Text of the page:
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In CRUD-like applications, you often have tables that contain very few records, and only exist to assign a name to an id value (they have a one-to-many or many-to-many relationship to the "primary" data).

For example, if your application shows real estate listings, you'd have a primary table for the houses being sold, and maybe another table for various "attributes" that could be assigned to the listing (e.g. "gas", "sewer", "zoned for commercial"). Then there could be a many-to-many relationship between the houses and the attributes.

In the admin interface (for people who manage the data -- not the end-users who are viewing it), admin users can add new houses to the listing and choose from the available list of attributes that apply to the new house.

But... there is also tucked away somewhere, a "master list" of those attributes -- which is how the UI for the "add new house" admin screen populates the available choices. This is not changed too often, so I like to put it out of the way. And I like to put all of these lists in one place (because there's often more than one of them).

My question is: what is a good general term for these kinds of things? The best I can think of is "Option Lists"... but I wonder if there's something more intuitive to non-technical users.

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What about Miscellaneous Settings? it would be a good idea to give an example of the interface you're working on to help users devise the problem :) –  edgarator Dec 4 '12 at 23:31
    
They are usually referred to as 'code tables' by developers. –  Marjan Venema Dec 5 '12 at 6:58
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2 Answers

up vote 4 down vote accepted

I've often seen such "list choices" referred to as:

  • "Options" (usually the caption of the button that opens the screen where they can be edited)
  • "Configuration" (more technical but Admin users soon associate this word with their special "list of options" screen(s).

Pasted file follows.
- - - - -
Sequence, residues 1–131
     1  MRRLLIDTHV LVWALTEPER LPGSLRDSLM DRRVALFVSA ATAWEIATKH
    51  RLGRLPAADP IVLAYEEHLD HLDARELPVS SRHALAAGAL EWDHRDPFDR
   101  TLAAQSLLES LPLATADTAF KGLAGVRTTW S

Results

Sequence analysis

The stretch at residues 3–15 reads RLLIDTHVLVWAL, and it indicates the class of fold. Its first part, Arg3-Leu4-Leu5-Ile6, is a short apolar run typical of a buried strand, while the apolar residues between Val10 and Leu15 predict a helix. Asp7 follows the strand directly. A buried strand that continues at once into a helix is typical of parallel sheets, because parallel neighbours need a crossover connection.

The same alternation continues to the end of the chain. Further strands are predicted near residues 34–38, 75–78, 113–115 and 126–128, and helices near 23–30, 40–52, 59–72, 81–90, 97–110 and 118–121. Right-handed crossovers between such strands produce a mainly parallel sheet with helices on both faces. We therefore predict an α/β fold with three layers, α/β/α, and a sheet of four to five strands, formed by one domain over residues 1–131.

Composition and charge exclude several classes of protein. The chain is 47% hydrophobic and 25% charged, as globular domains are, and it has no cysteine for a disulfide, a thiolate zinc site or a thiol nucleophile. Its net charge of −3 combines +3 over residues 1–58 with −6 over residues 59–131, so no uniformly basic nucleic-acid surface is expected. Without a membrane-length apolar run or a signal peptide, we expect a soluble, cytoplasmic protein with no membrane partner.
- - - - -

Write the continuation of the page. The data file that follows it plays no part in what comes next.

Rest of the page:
• "Lookup tables" once in the screen, especially if there's more than 1 set of choices (tables would be replaced with a word more specific to your app).

I've found that most business/admin people understand "Lookup" due to heavy use of Excel.

Amenities is probably the best choice for real estate options.

Possibilities for button/screen name:

  1. Lookup Amenities (could be considered technical)
  2. Amenity Configuration (slightly technical)
  3. Amenity Options
  4. Choose Amenities
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Thanks, the first part of your answer is exactly the kind of thing I'm looking for. The second part (about calling it "Amenities") is true for when the admin user eventually gets to that one specific list... but what I'm asking about is the generic term that describes all such lists. Like the name for the dashboard menu item that goes to all of the lists. –  Jordan Lev Dec 5 '12 at 16:20
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One approach to making it sound less technical is to adapt a term that describes the collection of attributes you are refering to in that case. In your example that would be the possible descriptions for listings/properties/real estate.

For example, this could be Property description terms or Description terms.

Using that term, however, there is a danger that an admin is adding a new real estate and wants to add selections and clicks the Description terms in a believe she is adding them to the property currently being added. To prevent that, the label should communicate that the list contains the "master" values or possible values.

How about Possible description terms or Manage property description terms or List of real-estate attributes.

Either way, I think specifing your "tertiary list" to reflect what is actually in the list is the way to go for any non-generic problem. Hide the technology from the user.

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I understand what you're saying, and I like the idea of saying something like "description terms". But what I'm truly asking about is the generic term for this sort of thing... like what I'd call a menu in the admin interface that reveals all of these kinds of things (like if there are 4 different lists of "terms" and I want them all in a "miscellaneous settings" area of the dashboard). –  Jordan Lev Dec 5 '12 at 16:18
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